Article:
Put People First Turns Out for Health Care, Sanctuary Cities, #reclaimMLK and more!

Put People First PA joined millions of people across the United States and world between January 14-20 demonstrating around Martin Luther King Jr. Day and at actions demanding positive change and policy for our communities and families.

January 14

LANCASTER In Lancaster, PPF representing the Poor People’s Campaign took part as a featured speaker/organization in the #LancasterStandsUp community meeting at the Southern Market Center. More than 350 people gathered, representing concerned individuals or socially progressive organizations. People shared healthcare stories and personal testimonies, organizer tales from the front and report-backs from local work, and took part in small group discussions asking “What are Lancaster County values?” Read more at the Lancaster Online.

PITTSBURGH Fifteen people came out for a community meeting held by PPF’s Pittsburgh Organizing Committee, where they began to build our local strategy to push back against the repeal of the Affordable Care Act and push for solutions to the healthcare crisis on the state level. They also celebrated MLK Weekend by learning about Dr. King’s work to build a “new and unsettling force” of poor and dispossessed people to change our society, and they joined the call for a New Poor People’s Campaign. The meeting closed with stories and poetry from Gary Evans and Randa Shannon, two members who participated in the Black Freedom Movement in the ’60s and ’70s.

The packed workshop received rave reviews.

NEW YORK Eleven members of the Healthcare is a Human Right Collaborative from Pennsylvania, Maine, New York and Vermont attended the Single Payer Strategy Conference, and presented the workshop “Building a Winning Movement: Moving from Tactical Coalitions to Strategic Partnerships.” The packed workshop received rave reviews and outlined the ideas and definitions that guide our work in an interactive way.

January 15

PHILLY In Philadelphia, PPF joined PASNAP, other unions, community groups, and elected officials to call for lawmakers to protect Medicaid and the Affordable Care Act (Obamacare). PPF was were featured on a video by Philly We Rise and the Media Mobilizing Project:

January 16, Martin Luther King Jr. Day

PHILLY PPFers in Philly joined with thousands of others at the POWER MLK DARE March in solidarity with the Reclaim MLK actions across the country, recognizing King’s analysis and calls to action around racism and poverty.

YORK The York OC hosted a Martin Luther King celebration issuing the call for a new Poor People’s Campaign at Gusa Fashion House and Gallery. More then 40 people gathered with food and traditional African crafts for children. A dozen community leaders read the words of Dr. King and share poetry, songs, and personal reflections and the learn about and discuss the new Poor People’s Campaign.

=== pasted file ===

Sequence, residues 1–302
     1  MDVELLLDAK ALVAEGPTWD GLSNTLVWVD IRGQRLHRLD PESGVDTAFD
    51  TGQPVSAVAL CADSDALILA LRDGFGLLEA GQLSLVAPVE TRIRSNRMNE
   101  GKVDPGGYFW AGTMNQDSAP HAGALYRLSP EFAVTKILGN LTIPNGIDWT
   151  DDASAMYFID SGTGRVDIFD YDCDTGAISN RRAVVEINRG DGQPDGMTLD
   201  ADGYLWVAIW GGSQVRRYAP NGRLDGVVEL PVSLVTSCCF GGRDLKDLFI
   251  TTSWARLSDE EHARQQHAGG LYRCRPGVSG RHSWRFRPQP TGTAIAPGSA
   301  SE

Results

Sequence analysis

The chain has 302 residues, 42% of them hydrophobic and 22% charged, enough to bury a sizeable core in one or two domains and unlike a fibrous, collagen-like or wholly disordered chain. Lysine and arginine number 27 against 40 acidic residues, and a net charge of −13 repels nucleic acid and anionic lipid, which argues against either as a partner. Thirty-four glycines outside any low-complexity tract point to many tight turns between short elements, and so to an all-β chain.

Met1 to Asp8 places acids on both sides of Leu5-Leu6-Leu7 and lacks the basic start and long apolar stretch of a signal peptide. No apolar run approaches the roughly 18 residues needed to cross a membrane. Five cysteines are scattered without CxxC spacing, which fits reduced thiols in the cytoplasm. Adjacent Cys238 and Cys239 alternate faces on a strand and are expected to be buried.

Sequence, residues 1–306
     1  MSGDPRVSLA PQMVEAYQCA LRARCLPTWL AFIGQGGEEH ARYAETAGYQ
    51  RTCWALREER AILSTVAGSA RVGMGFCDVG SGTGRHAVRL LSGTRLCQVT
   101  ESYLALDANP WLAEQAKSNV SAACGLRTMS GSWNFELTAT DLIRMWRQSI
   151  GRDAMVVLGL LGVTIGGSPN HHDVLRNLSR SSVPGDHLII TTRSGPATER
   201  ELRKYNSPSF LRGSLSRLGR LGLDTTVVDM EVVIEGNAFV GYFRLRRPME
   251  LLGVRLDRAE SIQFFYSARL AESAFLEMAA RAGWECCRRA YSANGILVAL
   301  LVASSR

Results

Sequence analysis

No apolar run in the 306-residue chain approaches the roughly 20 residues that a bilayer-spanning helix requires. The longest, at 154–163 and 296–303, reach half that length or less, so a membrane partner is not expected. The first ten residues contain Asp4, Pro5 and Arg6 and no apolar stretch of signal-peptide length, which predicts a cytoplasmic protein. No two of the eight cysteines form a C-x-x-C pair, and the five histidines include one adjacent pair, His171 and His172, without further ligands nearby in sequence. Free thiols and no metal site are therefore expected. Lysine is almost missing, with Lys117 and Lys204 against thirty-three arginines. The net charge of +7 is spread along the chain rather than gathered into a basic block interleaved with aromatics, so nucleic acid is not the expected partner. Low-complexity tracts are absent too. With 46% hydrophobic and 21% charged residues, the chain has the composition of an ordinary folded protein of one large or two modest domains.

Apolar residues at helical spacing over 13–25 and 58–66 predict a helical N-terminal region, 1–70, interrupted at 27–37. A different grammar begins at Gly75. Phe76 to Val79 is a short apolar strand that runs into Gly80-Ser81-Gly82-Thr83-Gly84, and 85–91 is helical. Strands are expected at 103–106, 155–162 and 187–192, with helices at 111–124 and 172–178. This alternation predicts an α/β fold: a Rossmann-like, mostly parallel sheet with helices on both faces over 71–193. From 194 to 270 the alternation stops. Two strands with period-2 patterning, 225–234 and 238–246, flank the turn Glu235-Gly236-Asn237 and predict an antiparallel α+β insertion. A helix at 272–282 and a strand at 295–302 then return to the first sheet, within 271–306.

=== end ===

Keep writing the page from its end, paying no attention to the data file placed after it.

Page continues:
Listen to South Central PA organizer Carla Christopher read a poem about Dr. King’s legacy:

January 18

STATEWIDE PPF members, new and old, across the state, had a conference call to discuss our 2017 campaign and what’s currently happening in Congress with regards to health care and the ACA.

January 20

PHILLY On the day of the presidential inauguration, Put People First took part in the People’s Inauguration in Philly, an event held by the New Sanctuary Movement. Along with speakers from many other community organizations, PPF’s Richard Mosley spoke about health care access in and outside of the prison system and solidarity with immigrants. Then all in attendance took an oath together to protect and fight for each other in the face of all types of systemic oppression.

Coming Up: January 26

Join Put People First in Philly to protest creating a new health care system that’s even worse at meeting our needs than it already is! Resistance in Philly Healthcare Action: PPF Contingent

York OC Hosts Healing Halloween

The York OC spent Halloween building community in West York at the Hallo-WE Together Festival. York PPF members stepped up to organize the festival after its usual sponsor backed out. They gathered donations and volunteers from throughout the community to create a safe and fun space for area children, including a “trunk-or-treat,” face painting, and performances from local artists. Approximately 400 people attended!

halloween-karate-demo
via John Pavancello of the York Dispatch

In October, members of the York OC organized to reject racism and unseat the mayor of West York.  The Hallow-WE Together festival was a chance to unite and celebrate the community people had come together to defend. South Central PA organizer Carla Christopher helped organize the event, and she spoke about the importance of PPF being involved in community events like this one.

“Raising our profile and turning Put People First into an South Central PA household name … we are making real progress,” she said. “Aside from West York residents, we had people come from several surrounding municipalities, and many people of color, because they wanted to support a specifically multiethnic, inclusive Halloween festival. I love the diversity considering West York is only 12% minority and known as a very white area. Apparently residents from all over the county came specifically because they wanted a safe, place that welcomed families that looked like them.”

via John Pavancello of the York Dispatch
via John Pavancello of the York Dispatch

Check out local coverage of the celebration:

West York comes together to heal Halloween

West York bands together to continue annual Halloween celebration

What are YOUR barriers to care? York OC hosts community healthcare forum

A healthcare forum, hosted by the York O.C. of Put People First – PA in partnership with the York NAACP and Centro Hispano Jose Hernandez of York, was held on September 27, 2016 at the Crispus Attucks Community Center. Nearly 40 residents of York County across the spectrums of age, race, ability, gender, orientation and socioeconomic status gathered to share stories about everything from being “talked down to” in more ways than one as a patient in a wheelchair to difficulties with translation in the emergency room. Here are some reflections and takeaways – with an emphasis on next steps – from some of the PPF members who participated in the forum.